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Angel investor and entrepreneur Mark Goldstein creates service to be a matchmaker for startups
Every growing startup needs advice.
There are plenty of seasoned technology specialists out there with the chops to advise startups, but how do you connect the right company with the right advisor without resorting to word-of-mouth or waiting for the opportunity to arise organically?
In a nutshell, that’s the problem Bad Ass Advisors is trying to solve.
“I had many friends who were really smart and had seen good success in the industry, but felt like there weren’t great ways to connect them with today’s entrepreneurs,” said Mark Goldstein over the phone, describing the practical situation that led to his creating Bad Ass Advisors.
FounderDating is probably the most well-known network explicitly designed to connect entrepreneurs, cofounders, and advisors, but it’s not private and it costs members $50 per year. There’s also CofoundersLab, which is specifically intended to connect cofounders, minus the advisor element. AngelList, LinkedIn, and Vator.tv also function as matchmakers between not just startups and advisors, but also investors.
Goldstein, an angel investor who previously founded back office automation solution BackOps, admitted that there were some existing options out there, but none were purpose-built to serve the needs of startups.
“A lot of the time, companies don’t want to disclose what kind of advisor they need because then it becomes obvious what their weakness is,” he explained.
On Bad Ass Advisors, which soft launched this past July, everything is private from the beginning.
For a startup to be listed on the site, Bad Ass Advisors requires it be a tech company, have enough starting capital, and essentially have a strong business outlook and team. The capital aspect—which could take the form of either business profit or venture capital—is crucial not just to weed out questionable startups, but also because advisors matched on the service accept equity, not cash.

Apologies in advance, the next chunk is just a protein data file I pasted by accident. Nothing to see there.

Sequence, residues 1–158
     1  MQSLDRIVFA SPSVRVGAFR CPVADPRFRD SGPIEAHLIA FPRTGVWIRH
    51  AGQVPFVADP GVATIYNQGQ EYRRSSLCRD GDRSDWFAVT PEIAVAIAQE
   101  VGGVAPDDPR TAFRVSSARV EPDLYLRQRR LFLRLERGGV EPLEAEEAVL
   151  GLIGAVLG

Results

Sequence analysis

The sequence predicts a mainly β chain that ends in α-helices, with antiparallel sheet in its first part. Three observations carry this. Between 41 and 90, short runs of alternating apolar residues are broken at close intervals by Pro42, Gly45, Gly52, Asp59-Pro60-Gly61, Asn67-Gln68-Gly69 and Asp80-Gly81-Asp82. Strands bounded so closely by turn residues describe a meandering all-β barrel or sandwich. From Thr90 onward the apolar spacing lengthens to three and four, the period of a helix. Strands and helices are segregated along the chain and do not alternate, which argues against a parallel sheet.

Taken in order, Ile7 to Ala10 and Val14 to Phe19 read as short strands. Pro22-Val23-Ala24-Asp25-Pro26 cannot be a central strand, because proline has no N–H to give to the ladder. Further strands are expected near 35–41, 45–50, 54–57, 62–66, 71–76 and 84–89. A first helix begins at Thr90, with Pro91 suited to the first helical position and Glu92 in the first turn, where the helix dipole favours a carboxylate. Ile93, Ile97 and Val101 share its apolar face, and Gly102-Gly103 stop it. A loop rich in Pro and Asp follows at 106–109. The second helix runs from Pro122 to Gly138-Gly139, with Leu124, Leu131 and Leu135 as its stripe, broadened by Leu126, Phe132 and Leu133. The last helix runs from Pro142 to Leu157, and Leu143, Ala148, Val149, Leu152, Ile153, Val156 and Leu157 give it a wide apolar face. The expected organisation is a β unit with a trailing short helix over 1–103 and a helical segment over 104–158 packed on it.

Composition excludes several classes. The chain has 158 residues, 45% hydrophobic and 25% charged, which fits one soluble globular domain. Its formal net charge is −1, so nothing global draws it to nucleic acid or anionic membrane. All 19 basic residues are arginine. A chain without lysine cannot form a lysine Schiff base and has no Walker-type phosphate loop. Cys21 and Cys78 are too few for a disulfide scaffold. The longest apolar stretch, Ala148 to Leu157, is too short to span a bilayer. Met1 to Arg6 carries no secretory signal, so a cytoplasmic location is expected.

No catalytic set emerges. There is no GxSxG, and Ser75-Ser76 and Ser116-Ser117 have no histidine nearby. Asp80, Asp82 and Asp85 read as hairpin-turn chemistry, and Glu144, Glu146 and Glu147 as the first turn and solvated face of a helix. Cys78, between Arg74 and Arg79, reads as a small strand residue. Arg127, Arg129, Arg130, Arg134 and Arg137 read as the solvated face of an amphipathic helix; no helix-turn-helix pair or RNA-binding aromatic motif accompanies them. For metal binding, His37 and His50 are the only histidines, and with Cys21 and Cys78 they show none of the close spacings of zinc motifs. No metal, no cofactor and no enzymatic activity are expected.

The requirements for advisors are a bit more intangible, though it helps if applicants have "been responsible for a company outcome over $50M." Otherwise, having excellent contacts, an impressive resume, or top-tier speaking experience all help improve an applicant’s chances.
“Most applications we receive, we don’t accept,” said Goldstein, highlighting the service’s high standard of quality.
Once accepted, startups and advisors build out their profiles on the network, the former describing who they might be looking for (e.g. a sales specialist with expertise in monetization in cleantech) and the latter offering their particular abilities (e.g. a marketing specialist with expertise in brand marketing in retail).
Here are two screenshots: the yellow one is a company profile and the blue one is an advisor profile.
Profiles are kept private until Bad Ass Advisors specifically believes it has made a match. Then it connects the two.
Today Bad Ass Advisors serves up just 2-3 matches per day from a pool of hundreds of companies and advisors. The service is free to use for now, and Goldstein doesn’t envision charging anytime soon.
It’s not just for charity, however. Goldstein and his wife Kristen Koh Goldstein (CEO of Scalus) operate Efficient Capacity, Marc Benioff's private investment vehicle, investing in two to three early-stage startups a month. He makes no secret about the fact that the fund benefits from networking opportunities fostered by Bad Ass Advisors.
Overall, the service solves a real need and gathers strength through its simplicity, something the other matchmakers out there have lost along the way.
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